Buckeyballs and Bubbles
- This quilt turned out to be a tribute to Richard Smalley,
a professor who
discovered the existence of the Buckeyball in soot. For centuries
thought that the only two pure forms of carbon were hard sparkling diamonds
dull, slipery graphite. In l985, Smalley's team announce a third pure form of
carbon C-60. The Buckeyball was named after Buckminster Fuller, the inventor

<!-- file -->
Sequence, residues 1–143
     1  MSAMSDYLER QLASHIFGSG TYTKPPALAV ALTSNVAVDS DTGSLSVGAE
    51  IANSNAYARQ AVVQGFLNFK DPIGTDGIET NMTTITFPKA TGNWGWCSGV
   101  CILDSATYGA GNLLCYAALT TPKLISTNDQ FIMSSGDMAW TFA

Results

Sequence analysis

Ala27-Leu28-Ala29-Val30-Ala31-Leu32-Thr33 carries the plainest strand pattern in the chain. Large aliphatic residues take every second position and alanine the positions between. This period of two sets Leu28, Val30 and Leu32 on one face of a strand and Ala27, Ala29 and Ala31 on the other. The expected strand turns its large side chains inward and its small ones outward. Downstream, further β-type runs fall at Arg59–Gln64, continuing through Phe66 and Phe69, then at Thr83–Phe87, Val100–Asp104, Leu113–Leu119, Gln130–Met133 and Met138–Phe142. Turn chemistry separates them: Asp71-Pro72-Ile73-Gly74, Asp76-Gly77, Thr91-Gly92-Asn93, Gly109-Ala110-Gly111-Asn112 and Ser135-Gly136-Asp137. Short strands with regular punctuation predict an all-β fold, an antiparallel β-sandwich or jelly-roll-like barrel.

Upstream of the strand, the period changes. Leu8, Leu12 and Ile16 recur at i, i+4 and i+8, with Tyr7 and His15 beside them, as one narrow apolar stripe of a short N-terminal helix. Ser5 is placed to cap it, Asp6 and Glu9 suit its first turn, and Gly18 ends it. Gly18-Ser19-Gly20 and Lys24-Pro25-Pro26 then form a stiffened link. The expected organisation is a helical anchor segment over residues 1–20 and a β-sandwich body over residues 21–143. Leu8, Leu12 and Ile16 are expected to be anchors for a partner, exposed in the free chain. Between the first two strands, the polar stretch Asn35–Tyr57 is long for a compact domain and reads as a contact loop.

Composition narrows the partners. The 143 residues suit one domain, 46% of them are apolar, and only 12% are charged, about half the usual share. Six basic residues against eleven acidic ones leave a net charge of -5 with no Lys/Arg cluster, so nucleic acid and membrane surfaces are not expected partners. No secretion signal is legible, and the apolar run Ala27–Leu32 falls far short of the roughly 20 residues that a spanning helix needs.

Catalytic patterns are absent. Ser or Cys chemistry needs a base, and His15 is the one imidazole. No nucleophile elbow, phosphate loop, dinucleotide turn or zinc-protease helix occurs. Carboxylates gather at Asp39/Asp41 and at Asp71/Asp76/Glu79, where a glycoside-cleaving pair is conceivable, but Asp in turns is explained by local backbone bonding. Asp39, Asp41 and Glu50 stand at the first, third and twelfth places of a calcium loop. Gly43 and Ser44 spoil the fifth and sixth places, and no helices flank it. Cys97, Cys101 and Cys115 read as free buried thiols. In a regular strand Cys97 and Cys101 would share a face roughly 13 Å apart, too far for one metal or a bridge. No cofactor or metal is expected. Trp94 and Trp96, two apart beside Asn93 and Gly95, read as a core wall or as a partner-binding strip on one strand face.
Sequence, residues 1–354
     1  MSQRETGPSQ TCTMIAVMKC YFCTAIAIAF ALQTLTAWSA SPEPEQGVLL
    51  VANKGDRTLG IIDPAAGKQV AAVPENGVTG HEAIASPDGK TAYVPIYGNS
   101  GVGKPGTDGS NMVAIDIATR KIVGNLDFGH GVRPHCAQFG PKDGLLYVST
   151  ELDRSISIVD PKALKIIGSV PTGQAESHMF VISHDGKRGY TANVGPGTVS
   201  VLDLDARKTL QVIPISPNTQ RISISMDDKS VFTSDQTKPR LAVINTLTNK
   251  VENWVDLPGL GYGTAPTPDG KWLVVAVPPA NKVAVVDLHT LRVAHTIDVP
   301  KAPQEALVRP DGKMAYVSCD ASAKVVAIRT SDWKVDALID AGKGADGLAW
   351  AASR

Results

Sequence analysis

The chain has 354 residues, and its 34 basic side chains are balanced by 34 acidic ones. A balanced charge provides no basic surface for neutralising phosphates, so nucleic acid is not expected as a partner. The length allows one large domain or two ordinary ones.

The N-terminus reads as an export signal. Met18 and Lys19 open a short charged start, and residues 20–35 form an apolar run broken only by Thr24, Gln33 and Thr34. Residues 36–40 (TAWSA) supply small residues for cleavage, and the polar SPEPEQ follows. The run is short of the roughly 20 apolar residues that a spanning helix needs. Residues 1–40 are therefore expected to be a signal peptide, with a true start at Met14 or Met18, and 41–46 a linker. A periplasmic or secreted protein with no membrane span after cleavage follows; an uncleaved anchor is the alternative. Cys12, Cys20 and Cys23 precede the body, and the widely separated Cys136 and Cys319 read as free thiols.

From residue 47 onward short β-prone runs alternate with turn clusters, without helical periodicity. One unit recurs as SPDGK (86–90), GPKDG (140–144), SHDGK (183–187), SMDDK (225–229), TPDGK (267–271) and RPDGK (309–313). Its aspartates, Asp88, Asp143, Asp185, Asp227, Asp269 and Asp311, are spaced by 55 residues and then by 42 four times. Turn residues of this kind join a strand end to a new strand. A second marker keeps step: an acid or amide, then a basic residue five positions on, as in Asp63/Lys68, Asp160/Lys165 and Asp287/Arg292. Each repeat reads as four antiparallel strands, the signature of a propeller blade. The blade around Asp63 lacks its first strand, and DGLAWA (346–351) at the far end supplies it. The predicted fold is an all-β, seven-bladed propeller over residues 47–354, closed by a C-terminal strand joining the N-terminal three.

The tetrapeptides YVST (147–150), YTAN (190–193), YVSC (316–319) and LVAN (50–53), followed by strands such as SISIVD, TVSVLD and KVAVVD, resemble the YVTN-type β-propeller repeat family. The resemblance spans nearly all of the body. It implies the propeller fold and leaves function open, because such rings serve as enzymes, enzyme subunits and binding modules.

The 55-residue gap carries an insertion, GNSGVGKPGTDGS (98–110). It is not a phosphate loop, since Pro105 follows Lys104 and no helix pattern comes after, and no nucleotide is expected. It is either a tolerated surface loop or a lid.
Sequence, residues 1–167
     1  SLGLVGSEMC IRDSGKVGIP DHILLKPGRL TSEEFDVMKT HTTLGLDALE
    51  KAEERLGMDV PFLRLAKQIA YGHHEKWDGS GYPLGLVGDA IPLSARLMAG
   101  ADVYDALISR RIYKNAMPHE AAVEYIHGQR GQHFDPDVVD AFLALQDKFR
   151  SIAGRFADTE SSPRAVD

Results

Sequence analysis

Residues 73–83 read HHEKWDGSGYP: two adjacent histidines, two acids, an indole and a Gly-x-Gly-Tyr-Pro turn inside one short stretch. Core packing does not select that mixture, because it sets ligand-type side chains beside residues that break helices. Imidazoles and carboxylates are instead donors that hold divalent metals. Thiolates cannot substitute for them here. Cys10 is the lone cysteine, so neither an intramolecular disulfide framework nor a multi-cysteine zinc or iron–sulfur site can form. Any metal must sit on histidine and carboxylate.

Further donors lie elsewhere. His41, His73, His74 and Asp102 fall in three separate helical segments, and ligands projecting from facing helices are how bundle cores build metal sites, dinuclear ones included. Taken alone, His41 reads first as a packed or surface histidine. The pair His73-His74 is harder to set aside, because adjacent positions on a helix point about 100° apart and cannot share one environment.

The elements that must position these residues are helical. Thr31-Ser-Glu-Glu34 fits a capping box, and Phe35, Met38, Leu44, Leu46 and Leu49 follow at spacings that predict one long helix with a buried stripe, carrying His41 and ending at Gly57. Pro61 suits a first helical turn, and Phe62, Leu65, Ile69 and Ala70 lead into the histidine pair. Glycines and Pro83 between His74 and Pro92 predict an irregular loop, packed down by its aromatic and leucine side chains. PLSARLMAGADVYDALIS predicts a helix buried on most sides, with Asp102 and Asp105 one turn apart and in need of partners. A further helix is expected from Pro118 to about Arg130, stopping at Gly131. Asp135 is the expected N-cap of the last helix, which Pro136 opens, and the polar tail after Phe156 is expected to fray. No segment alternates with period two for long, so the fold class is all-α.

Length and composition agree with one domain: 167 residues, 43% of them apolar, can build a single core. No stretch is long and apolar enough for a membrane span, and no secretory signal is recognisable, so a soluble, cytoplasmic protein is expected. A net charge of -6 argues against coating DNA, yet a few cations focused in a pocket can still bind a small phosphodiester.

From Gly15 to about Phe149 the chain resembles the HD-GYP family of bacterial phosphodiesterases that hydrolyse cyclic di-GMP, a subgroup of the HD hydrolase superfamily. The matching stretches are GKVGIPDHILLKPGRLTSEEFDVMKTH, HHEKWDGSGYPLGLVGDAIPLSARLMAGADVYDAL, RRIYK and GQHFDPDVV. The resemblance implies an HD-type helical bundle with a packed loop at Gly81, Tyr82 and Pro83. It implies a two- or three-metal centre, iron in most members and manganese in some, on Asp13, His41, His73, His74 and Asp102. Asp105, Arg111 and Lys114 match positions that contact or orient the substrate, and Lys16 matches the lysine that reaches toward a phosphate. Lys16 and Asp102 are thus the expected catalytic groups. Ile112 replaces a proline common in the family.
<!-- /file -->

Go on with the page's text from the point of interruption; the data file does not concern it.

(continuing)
the geodesic dome. The symmetry in the Buckeyball lends itself to applications
in drug design, chemical sponges,miniature circuits, lubricants, catalysts,
probles in a scanning-fprce microscope, batteries, molecular sieves,
use in photo copiers.
School of Fish
- At a recent Bridges Conference, articles were presented on morphing techniques.
Elaine became fascinated by these designs and believed an interesting quilt
could be constructed. School of Fish is the result of exploring the techniques
of M. C. Escher, John Sharp, and Craig S. Kaplan.